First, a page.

configuration of the config bits.  Yes, although the others are right
about ANSEL/CMCON, it shouldn't affect the operation of the digital
pins that are not hooked up to the comparator.

>From the datasheet:
"TRISA controls the direction of the RA pins, even when
they are being used as comparator inputs. The user
must make sure to keep the pins configured as inputs
when using them as comparator inputs."
"In one of the Comparator modes defined by the
CMCON register, pins RA3 and RA4 become outputs
of the comparators. The TRISA<4:3> bits must be
cleared to enable outputs to use this function."


>
> Thanks,
>
> Bill Dietrich
> bill_dietrichspamKILLspamyahoo.com      http://www.geocities.com/bill_dietrich/
> sailing vessel "Magnolia": 1973 Gulfstar 44 ketch motor-sailer


Andrew

2009\02\25@115516 by Bill Dietrich

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Thanks for the messages from various people.

I copied that C code from a couple of demo programs;
that's why the strange FOR loop syntax, for example.

I tried a simple C program consisting of almost nothing but:
   TRISB = 0;        /* all bits output */
   PORTB = 0x00;        /* turn all on */
and no LED's came on.  There is an LED connected to RB5
on my target board; I should see that come on, right ?

I think I'm having some basic "target is not getting programmed"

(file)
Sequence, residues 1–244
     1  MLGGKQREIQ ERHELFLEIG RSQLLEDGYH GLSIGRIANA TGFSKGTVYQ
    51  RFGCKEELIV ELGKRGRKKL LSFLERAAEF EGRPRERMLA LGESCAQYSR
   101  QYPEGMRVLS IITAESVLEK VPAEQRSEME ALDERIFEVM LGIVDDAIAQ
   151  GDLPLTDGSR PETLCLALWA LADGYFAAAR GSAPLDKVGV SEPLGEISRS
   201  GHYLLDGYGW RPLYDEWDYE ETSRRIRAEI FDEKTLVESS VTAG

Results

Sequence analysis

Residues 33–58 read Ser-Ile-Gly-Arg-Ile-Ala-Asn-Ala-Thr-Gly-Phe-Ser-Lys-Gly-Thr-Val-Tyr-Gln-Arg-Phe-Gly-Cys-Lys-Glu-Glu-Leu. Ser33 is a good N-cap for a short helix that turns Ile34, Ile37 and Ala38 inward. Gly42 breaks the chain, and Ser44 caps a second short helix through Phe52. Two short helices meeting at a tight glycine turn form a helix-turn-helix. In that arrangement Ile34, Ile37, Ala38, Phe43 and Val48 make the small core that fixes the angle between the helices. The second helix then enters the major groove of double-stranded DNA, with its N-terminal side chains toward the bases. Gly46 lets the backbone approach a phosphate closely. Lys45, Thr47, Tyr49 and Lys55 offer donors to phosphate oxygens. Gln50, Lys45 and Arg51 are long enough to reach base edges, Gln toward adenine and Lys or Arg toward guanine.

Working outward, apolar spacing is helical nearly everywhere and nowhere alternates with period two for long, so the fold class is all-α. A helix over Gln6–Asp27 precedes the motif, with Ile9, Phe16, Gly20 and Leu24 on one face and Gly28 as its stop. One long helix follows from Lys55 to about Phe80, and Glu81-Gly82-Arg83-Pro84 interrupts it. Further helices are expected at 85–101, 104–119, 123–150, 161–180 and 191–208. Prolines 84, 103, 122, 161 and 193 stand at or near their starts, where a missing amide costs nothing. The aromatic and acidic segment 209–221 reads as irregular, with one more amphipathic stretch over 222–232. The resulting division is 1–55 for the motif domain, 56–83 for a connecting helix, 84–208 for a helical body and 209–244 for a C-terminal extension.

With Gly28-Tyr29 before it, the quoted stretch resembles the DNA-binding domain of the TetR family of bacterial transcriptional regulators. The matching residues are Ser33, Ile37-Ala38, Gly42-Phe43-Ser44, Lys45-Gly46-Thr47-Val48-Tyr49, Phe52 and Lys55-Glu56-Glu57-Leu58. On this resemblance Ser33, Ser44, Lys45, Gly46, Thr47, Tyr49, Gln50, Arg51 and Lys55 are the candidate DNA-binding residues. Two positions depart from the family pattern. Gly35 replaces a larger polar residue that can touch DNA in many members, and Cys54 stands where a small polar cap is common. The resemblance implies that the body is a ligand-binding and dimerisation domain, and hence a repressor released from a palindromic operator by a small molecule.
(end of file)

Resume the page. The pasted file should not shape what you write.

problem.  I quit out of MPLAB IDE.  Using PicKit 2 (version 2.40),
I can write-and-verify new hex values to Program
memory and EE memory successfully, but then if I quit PicKit 2, start it again,
and read from the device, the new hex values are gone (back to all FF's).
Didn't power-cycle target or programmer board inbetween.
So I think the PicKit 2 write-and-verify is lying to me, and failing.

If anyone else is using the PX-200 programmer board (PIC programmer board
with USB connector) successfully, I'd like to get some documentation about
it (it seems to have come with none).  Same for the PIC-IO-18 target board.
I'll contact the vendor.

Thanks,

Bill Dietrich
.....bill_dietrichKILLspamspam.....yahoo.com      http://www.geocities.com/bill_dietrich/
sailing vessel "Magnolia": 1973 Gulfstar 44 ketch motor-sailer



     

2009\02\25@120701 by Scott Larson

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On Wed, Feb 25, 2009 at 11:54 AM, Bill Dietrich <EraseMEbill_dietrichspam_OUTspamTakeThisOuTyahoo.com> wrote:
> Thanks for the messages from various people.
>
> I copied that C code from a couple of demo programs;
> that's why the strange FOR loop syntax, for example.
>
> I tried a simple C program consisting of almost nothing but:
>    TRISB = 0;        /* all bits output */
>    PORTB = 0x00;        /* turn all on */
> and no LED's came on.  There is an LED connected to RB5
> on my target board; I should see that come on, right ?

Are your LEDs pulled up or down? This will only work if they're pulled up.


-Scott

2009\02\25@121603 by Tamas Rudnai

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On Wed, Feb 25, 2009 at 4:54 PM, Bill Dietrich <bill_dietrichspamspam_OUTyahoo.com>wrote:

> I can write-and-verify new hex values to Program
> memory and EE memory successfully, but then if I quit PicKit 2, start it
> again,
> and read from the device, the new hex values are gone (back to all FF's).
> Didn't power-cycle target or programmer board inbetween.
> So I think the PicKit 2 write-and-verify is lying to me, and failing.
>

Sounds like the code protection turned on in the config fuses.

Tamas
--
Rudonix DoubleSaver
http://www.rudonix.com

2009\02\25@121735 by Bob Blick